ASTRING'ENT, a. Binding; contracting; strengthening; opposed to laxative. ASTRING'ENT, n. a medicine which binds or contracts the parts of the body to which it is applied, restrains profuse discharges, coagulates animal fluids, condenses and strengthens the solids. Modern practice inclines to the use of astringent, for internal applications, and styptic, for external.
I. adjectiveEtymology: probably from Middle French, from Latin astringent-, astringens, present participle of astringere to bind fast, from ad- + stringere to bind tight — more at strainDate: 1541 1. causing contraction of soft organic tissues ;styptic, puckery<astringent lotions> <an astringent fruit> 2. suggestive of an astringent effect upon tissue ; rigidly severe ;austere<dry astringent comments>; alsopungent, caustic • astringentlyadverbII. nounDate: 1626 an astringent agent or substance
adj. & n. --adj. 1 causing the contraction of body tissues. 2 checking bleeding. 3 severe, austere. --n. an astringent substance or drug. Derivatives: astringency n. astringently adv. Etymology: F f. L astringere (as AD-, stringere bind)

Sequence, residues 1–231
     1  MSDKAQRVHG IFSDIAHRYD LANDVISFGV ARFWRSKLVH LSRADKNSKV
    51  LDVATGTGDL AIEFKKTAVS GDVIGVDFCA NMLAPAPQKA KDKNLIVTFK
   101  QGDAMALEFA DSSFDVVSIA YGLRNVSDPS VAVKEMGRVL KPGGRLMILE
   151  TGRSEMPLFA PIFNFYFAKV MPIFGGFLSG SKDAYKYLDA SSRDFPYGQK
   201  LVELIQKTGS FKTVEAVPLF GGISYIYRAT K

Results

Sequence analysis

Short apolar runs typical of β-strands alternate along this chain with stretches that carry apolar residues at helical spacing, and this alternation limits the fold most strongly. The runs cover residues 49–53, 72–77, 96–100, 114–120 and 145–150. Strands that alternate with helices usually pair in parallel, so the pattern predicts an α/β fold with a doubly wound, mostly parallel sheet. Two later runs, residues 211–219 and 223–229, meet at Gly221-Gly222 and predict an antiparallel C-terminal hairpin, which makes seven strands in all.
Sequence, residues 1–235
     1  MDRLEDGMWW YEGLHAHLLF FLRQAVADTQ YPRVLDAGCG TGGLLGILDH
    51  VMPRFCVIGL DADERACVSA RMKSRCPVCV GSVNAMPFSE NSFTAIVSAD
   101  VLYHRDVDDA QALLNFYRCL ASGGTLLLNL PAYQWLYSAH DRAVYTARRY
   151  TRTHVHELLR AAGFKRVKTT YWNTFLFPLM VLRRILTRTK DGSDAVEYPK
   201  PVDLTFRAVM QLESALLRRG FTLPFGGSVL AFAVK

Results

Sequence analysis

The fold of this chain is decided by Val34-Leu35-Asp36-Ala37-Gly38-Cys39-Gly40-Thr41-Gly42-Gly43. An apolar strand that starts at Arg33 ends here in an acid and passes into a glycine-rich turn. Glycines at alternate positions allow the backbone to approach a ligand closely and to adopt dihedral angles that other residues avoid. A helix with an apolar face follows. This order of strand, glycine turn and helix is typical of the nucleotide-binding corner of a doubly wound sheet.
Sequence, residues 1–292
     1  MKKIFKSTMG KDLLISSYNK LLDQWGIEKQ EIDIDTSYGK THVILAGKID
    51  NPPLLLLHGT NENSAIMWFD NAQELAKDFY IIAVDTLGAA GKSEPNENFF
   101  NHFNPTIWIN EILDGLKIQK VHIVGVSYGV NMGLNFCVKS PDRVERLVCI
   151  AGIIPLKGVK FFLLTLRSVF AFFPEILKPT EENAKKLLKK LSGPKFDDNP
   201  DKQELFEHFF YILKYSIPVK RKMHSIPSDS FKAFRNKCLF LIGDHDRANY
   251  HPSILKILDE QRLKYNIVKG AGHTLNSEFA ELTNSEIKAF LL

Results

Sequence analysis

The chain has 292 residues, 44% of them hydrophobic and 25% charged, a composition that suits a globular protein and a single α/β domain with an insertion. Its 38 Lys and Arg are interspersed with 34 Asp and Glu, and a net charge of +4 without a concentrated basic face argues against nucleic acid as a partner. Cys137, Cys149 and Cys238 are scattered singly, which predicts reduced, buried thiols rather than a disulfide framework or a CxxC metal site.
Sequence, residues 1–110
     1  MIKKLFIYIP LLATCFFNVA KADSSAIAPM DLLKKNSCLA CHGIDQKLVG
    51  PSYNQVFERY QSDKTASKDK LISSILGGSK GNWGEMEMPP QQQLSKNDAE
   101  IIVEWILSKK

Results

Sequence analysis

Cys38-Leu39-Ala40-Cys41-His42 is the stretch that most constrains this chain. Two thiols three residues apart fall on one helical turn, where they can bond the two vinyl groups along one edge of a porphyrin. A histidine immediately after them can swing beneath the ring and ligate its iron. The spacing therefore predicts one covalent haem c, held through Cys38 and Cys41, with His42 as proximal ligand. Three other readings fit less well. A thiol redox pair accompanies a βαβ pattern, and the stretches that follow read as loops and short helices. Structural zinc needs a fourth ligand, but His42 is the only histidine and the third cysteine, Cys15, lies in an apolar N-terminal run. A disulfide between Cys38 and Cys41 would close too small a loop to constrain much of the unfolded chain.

Astringent As*trin"gent (-jent), a. [L. astringens, p. pr. of astringere: cf. F. astringent. See Astringe.] 1. Drawing together the tissues; binding; contracting; -- opposed to laxative; as, astringent medicines; a butter and astringent taste; astringent fruit. 2. Stern; austere; as, an astringent type of virtue.
Astringent As*trin"gent, n. A medicine or other substance that produces contraction in the soft organic textures, and checks discharges of blood, mucus, etc. External astringents are called styptics. --Dunglison.